In October 2015, we, through our wholly own subsidiaries, CUCL and Unicom New Horizon entered into a transfer agreement with (i) China Mobile Communication Company Limited, a wholly owned subsidiary of China Mobile, (ii) China Telecom, (iii) China Reform Holding Company Limited, a wholly state-owned company, and (iv) the Tower Company, pursuant to which we, China Mobile and China Telecom sold certain telecommunications towers and related assets to the Tower Company, and the Tower Company would issue and allot shares in the Tower Company and/or pay certain cash as consideration for such transfers. As of April 14, 2016, we, through CUCL, owned approximately 28.1% equity interest in the Tower Company, while China Mobile, China Telecom and China Reform Holding Company Limited owned approximately 38.0%, 27.9% and 6.0% equity interest in the Tower Company, respectively. We are in the process of negotiating the final arrangements with the Tower Company with respect to our use of telecommunications towers and related assets of the Tower Company.

Strategic Alliances with Telefónica

On January 30, 2009, we entered into a business cooperation framework agreement with Telefónica. Pursuant to the framework agreement, Telefónica and we agreed to share business experience and strengthen cooperation in the areas of mobile communications, broadband applications, international business, marketing and sales and telecommunications services to corporate clients. On September 6, 2009, we entered into a strategic alliance agreement with Telefónica, pursuant to which Telefónica and we agreed to establish a strategic alliance to strengthen the business of each party and achieve synergies by cooperation in various fields based on our respective networks, business models and experience. On October 21, 2009, we and Telefónica completed a mutual investment in the amount of the equivalent of US$1 billion in each other, which was implemented by way of the subscription by Telefónica of 693,912,264 new shares in our Company and the contribution by Telefónica of 40,730,735 treasury shares in the capital of Telefónica to us.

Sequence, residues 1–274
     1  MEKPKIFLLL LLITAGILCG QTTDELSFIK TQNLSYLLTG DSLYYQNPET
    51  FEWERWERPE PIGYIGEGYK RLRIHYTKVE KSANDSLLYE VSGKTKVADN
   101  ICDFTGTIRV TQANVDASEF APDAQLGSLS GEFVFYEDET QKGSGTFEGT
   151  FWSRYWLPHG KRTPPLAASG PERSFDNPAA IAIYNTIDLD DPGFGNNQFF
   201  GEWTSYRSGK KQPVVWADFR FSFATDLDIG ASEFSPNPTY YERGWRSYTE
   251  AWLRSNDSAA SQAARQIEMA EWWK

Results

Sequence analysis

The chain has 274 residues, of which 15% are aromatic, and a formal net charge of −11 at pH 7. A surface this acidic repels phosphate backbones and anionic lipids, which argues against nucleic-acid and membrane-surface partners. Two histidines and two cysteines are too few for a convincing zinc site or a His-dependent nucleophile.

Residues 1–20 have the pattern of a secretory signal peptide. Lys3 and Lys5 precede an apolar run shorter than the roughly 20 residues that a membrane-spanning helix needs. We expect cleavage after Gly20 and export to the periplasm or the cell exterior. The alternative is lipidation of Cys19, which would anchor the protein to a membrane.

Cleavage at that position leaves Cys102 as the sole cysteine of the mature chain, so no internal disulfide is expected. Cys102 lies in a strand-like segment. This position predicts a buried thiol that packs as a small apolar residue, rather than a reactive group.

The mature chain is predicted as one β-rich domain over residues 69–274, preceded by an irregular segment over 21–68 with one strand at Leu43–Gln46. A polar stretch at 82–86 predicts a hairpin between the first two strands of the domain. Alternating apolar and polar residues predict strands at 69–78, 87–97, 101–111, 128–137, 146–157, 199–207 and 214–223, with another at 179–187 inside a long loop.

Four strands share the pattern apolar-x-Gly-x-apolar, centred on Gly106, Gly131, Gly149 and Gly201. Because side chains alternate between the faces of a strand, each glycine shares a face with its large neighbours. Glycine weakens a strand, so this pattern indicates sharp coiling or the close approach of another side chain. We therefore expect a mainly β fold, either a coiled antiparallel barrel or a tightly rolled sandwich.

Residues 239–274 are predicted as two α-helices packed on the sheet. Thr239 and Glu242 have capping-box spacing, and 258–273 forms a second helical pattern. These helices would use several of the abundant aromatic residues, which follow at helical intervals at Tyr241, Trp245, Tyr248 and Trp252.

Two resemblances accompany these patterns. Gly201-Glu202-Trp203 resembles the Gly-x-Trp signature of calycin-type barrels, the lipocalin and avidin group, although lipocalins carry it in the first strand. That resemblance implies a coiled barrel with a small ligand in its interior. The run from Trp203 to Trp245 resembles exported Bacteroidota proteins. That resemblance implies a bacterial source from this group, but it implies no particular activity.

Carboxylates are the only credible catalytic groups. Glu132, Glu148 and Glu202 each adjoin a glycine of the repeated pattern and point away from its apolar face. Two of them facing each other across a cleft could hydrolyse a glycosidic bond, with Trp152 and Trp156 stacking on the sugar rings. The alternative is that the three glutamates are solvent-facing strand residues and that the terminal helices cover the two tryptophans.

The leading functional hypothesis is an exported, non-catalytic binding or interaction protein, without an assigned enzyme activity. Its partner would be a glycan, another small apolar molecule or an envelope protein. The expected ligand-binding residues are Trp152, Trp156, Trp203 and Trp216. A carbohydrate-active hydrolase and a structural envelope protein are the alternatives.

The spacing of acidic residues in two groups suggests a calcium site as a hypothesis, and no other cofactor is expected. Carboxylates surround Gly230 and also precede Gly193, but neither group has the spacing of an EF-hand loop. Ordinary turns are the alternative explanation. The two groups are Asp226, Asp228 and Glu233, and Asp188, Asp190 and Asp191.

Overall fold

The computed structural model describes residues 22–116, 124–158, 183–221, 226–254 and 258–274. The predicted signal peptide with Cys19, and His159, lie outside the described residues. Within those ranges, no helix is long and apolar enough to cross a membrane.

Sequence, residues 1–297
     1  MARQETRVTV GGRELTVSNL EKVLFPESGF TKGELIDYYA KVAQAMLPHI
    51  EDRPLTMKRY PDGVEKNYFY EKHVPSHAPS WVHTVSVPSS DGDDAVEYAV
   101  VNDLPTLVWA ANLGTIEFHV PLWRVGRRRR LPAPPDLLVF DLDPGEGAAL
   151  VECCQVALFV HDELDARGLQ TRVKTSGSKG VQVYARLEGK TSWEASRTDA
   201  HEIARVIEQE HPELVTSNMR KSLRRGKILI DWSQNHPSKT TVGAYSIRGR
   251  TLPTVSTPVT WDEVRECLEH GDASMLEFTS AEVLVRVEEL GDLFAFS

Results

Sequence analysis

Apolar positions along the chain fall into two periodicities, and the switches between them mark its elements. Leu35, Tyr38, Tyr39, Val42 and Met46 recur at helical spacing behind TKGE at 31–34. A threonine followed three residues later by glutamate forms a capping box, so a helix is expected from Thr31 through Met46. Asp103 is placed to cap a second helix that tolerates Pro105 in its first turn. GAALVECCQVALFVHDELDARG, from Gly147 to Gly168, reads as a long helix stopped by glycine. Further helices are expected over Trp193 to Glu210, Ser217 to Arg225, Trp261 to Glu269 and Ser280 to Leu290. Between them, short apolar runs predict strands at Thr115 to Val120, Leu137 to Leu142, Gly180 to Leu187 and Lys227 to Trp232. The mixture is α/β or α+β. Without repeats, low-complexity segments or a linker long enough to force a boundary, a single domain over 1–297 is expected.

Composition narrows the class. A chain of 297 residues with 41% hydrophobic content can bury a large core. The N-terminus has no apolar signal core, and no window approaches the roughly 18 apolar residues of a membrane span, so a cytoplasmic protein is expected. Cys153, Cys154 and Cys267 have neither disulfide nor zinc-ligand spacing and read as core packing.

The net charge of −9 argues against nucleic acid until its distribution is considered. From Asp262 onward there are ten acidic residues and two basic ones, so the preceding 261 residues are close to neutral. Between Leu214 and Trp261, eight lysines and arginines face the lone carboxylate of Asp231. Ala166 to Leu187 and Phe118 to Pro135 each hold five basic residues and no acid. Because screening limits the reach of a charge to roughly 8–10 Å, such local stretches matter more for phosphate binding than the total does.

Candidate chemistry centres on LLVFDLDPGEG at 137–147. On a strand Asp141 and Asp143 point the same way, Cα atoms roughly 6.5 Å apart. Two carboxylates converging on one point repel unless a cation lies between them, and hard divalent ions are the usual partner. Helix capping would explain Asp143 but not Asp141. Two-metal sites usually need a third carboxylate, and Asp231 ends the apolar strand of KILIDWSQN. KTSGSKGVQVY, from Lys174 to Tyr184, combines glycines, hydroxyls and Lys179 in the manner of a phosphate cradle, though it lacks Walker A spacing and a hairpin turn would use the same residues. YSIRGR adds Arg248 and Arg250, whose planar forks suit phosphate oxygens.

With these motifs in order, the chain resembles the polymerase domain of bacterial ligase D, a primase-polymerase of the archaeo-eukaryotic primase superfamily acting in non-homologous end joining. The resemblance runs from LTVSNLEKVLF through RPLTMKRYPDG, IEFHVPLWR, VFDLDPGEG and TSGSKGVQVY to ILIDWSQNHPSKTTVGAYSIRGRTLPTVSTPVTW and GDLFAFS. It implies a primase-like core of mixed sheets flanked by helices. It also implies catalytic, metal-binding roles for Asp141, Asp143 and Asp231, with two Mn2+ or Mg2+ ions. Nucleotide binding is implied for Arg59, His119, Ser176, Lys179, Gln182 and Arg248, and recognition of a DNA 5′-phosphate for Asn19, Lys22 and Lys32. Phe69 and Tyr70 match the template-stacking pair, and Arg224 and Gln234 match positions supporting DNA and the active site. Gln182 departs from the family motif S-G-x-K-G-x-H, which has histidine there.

-34-


Table of Contents

On January 23, 2011, we entered into the Agreement to Enhance the Strategic Alliance with Telefónica. Pursuant to this agreement, we acquired from Telefónica 21,827,499 ordinary shares in the capital of Telefónica for aggregate purchase price of Euro374,559,882.84 on January 25, 2011, and Telefónica, through its wholly owned subsidiary, Telefónica International, acquired 282,063,000 ordinary shares in the capital of our company for an aggregate consideration of approximately US$500,000,000 in several transactions executed in the period between January 25, 2011 and September 7, 2011. In addition, Wang Xiaochu, our Chairman and Chief Executive Officer, as our designated representative, was appointed in September 2015 as a director on the board of directors of Telefónica.

On June 10, 2012, Unicom Group BVI, a wholly owned subsidiary of Unicom Group, entered into the Share Purchase Agreement for the Sale and Purchase of Shares in China Unicom (Hong Kong) Limited, as amended, pursuant to which it acquired from Telefónica an aggregate of 1,073,777,121 ordinary shares in the capital of our company at a price of HK$10.02 per share and for an aggregate consideration of HK$10,759,246,752.42 in July 2012.

On November 13, 2014, Telefónica completed the sale of 597,844,100 ordinary shares in the capital of our company for an aggregate consideration of HK$6,660 million, and upon the completion of such transaction, Telefónica held less than 5% ordinary shares in the capital of our company.

In addition, in December 2015, we and Telefónica established a joint venture company, Smart Steps Digital Technology Co., Ltd., to engage in big data application services in China.

Strategic Cooperation with China Telecom

In January 2016, we entered into a strategic cooperation agreement with China Telecom in relation to resource-sharing and joint investments. Under the strategic cooperation, we expect that we will share certain telecommunications facilities such as mobile networks and transmission networks with each other, jointly carry out certain network maintenance services and certain marketing initiatives, as well as seek and explore opportunities in joint investments in innovative and emerging business areas. We expect that our strategic cooperation will enhance our service qualities and operating efficiency, and thus improving our customer experience and contributing to our market recognition.